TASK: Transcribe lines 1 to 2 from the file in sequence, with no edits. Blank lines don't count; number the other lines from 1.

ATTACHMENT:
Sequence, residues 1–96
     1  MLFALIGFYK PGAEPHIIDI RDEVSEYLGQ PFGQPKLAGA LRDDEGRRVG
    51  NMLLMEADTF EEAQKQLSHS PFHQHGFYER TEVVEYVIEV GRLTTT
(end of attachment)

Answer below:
Sequence, residues 1–96
     1  MLFALIGFYK PGAEPHIIDI RDEVSEYLGQ PFGQPKLAGA LRDDEGRRVG